In any case, we're all groping around for a technique that allows us to blend the best aspects of a single-page interface and a document-based Web. I tried it with frames, and it didn't work. I'm now trying it with simple (repeat simple) Ajax, and we'll have to see what happens next.

2. You launched Browser detect 2.0 a while ago. Why were you concerned about releasing it to the public? Does it contain too many calories?

Peter-Paul: Definitely! A diet of browser detects leads to obese sites that don't respond well to unexpected stimuli (say, a firefox fleeing from a safari of opera aficionados).

Seriously, though, browser detects are tricky, both technically and in their consequences. We all know that you should never use a browser detect and we also know that entire flocks of amateur web developers use them wholesale nonetheless. Do I encourage the amateurs by publishing a browser detect that's better than any of the others? I hope not; it's unlikely they read my site.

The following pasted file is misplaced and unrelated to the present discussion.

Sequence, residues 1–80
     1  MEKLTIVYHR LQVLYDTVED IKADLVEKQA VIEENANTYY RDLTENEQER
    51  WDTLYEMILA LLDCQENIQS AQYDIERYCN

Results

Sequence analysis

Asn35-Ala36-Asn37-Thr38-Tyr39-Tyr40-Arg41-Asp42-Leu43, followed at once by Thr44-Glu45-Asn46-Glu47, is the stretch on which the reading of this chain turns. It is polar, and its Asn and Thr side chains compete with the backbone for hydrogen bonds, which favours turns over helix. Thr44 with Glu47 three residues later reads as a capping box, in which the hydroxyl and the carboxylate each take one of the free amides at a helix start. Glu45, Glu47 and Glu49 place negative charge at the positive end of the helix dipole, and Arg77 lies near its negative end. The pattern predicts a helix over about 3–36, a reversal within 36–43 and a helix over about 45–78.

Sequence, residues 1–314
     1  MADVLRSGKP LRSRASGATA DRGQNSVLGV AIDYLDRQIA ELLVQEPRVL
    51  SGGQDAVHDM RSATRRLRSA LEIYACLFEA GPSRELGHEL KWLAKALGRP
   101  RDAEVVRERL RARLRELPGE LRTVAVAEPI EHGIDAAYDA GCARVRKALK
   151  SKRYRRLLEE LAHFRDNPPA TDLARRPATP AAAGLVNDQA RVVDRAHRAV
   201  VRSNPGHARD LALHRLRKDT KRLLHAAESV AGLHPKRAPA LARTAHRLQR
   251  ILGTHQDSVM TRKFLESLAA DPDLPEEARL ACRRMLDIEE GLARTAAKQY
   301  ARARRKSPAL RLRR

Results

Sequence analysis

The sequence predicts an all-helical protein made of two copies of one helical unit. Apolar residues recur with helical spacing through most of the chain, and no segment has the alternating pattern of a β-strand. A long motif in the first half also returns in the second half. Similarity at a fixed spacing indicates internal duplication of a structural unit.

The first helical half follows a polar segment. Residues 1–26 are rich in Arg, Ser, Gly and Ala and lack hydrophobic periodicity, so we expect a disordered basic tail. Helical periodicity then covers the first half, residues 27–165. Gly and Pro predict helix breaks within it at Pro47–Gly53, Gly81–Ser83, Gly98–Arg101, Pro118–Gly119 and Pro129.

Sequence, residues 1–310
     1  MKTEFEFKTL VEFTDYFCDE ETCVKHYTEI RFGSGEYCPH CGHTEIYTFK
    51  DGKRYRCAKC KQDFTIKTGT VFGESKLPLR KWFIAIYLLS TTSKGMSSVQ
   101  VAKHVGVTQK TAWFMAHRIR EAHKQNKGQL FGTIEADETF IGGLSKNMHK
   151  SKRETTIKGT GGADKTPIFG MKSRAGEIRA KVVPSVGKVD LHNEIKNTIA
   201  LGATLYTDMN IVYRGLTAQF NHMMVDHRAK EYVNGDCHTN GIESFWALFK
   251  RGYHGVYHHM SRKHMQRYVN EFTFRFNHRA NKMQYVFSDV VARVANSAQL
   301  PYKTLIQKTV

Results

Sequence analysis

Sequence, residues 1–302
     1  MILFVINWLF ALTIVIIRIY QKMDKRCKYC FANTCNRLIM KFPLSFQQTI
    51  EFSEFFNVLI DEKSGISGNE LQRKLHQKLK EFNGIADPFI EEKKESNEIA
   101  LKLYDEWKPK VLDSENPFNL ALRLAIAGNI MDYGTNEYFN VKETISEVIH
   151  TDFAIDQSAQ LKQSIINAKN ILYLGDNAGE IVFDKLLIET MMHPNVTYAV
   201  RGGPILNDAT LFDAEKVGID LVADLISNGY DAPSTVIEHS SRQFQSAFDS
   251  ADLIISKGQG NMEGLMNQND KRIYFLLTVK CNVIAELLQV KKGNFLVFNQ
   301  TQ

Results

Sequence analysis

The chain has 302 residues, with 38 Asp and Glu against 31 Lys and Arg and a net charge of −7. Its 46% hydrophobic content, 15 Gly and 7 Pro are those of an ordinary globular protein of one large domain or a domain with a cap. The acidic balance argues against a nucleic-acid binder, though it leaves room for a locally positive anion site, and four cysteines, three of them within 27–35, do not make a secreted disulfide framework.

Besides, there were important reasons to publish my research. I discovered that the existence of the navigator.vendor property makes JavaScript browser detects more reliable than server side browser detects. Briefly, this property always identifies Safari, something a navigator.userAgent-based detect not necessarily does: Safari users can change their identification string easily and totally. All server side detects depend on navigator.userAgent, since that's the only string that's sent to the server; all server side detects are therefore less reliable than JavaScript detects.